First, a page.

Information Sheet on Hail in Colorado
Nolan J. Doesken, State Climatologist
Colorado Climate Center
Department of Atmospheric Science
Colorado State University
Fort Collins, Colorado 80523
Colorado is one of the most hail-prone states in the U.S.
Hail occurs more frequently in the lee of the Rockies than anywhere else in North America.
Hail is more variable (from place to place and year to year) than almost any other climatic event.
Destructive hail occurs most frequently on the western Great Plains.
Strong winds accompanying hail greatly increase the damage potential.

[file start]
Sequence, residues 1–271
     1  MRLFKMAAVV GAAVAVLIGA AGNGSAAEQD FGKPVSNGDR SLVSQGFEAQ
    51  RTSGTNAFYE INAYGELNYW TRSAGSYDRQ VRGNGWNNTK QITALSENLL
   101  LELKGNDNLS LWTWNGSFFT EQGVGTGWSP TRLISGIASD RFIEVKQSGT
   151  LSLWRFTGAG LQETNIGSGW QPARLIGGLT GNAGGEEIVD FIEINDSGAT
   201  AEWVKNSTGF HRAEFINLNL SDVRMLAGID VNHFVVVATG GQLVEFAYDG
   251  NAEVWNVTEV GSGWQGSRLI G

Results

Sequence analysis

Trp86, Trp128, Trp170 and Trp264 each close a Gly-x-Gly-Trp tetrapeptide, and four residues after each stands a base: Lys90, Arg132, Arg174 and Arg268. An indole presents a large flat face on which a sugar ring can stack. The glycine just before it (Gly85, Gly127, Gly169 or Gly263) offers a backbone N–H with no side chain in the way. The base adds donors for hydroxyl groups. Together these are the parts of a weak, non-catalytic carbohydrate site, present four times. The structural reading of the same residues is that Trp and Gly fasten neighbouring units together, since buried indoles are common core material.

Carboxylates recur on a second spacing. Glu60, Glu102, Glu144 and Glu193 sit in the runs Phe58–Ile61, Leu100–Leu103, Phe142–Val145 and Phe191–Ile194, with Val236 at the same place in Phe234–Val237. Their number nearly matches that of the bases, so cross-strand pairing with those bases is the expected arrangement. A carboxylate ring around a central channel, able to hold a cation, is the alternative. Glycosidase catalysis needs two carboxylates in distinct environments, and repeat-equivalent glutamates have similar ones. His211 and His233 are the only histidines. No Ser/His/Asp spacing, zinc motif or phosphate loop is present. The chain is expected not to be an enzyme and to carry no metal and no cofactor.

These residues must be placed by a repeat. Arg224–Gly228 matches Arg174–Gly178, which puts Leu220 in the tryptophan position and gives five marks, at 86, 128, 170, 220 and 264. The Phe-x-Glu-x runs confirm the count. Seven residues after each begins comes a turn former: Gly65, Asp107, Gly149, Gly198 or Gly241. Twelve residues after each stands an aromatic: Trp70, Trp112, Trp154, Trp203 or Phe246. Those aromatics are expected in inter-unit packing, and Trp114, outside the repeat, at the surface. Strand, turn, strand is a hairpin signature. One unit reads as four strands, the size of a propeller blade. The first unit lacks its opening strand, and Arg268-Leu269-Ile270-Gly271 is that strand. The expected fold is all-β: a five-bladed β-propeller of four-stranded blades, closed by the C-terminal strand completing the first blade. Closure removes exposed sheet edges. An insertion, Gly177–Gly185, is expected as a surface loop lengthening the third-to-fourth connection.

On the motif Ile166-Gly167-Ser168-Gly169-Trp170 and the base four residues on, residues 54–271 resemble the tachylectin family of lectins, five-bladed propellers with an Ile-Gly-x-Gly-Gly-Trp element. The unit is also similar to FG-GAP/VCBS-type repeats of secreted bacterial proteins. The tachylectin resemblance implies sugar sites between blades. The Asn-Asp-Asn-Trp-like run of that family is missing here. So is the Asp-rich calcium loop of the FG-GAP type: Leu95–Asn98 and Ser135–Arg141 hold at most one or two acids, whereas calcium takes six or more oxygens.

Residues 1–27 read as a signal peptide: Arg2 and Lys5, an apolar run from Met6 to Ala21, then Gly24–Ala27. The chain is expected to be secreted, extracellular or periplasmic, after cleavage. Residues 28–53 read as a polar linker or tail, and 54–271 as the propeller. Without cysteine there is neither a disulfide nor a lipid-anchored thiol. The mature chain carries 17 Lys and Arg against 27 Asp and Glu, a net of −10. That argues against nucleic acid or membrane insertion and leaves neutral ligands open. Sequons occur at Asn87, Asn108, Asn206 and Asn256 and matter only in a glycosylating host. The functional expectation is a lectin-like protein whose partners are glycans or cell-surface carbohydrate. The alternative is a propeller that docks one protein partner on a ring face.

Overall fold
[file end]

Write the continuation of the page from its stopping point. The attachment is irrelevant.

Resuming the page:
The highest frequency of damaging hail appears to occur near the border of Wyoming, Nebraska, and Colorado.
The Colorado hail season is April 15 to September 15.
Colorado hail storms occur most frequently in June and are most likely to be destructive in mid June. However, in parts of southeastern Colorado, including Pueblo, August is the worst hail month.
Hailstones of 1 to 2 inch diameters (which may fall at a rate of 80 miles per hour) occur many times in eastern Colorado each summer but fortunately occur over small areas.
Stones as large as 4.5 inches in diameter have been observed in northeastern Colorado and can do incredible damage. Stones of that size have been know to penetrate some roofs.
One death and numerous injuries have occurred in Colorado as a result of hail.
Hail also occurs very frequently in the high Colorado mountains during the summer. These stones, however, tend to be small and soft and rarely do damage.